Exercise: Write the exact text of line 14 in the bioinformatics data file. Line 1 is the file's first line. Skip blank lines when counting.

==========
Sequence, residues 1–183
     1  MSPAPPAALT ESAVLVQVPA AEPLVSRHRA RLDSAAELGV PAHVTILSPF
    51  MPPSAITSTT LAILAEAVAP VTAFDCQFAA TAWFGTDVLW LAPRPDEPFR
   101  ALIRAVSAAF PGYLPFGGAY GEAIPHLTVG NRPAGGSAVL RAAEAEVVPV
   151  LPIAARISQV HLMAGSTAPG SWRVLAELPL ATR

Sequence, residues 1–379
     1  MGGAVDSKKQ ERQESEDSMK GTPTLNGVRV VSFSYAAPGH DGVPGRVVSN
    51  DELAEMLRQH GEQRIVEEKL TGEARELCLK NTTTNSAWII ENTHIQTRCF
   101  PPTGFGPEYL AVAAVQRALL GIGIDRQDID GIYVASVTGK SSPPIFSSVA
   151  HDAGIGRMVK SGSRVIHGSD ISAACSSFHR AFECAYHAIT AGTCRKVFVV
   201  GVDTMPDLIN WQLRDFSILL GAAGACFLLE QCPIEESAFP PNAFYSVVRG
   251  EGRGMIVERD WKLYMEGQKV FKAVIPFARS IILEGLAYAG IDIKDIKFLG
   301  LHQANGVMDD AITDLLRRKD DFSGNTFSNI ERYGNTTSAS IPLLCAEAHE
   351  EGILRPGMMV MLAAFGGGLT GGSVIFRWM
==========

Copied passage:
   351  EGILRPGMMV MLAAFGGGLT GGSVIFRWM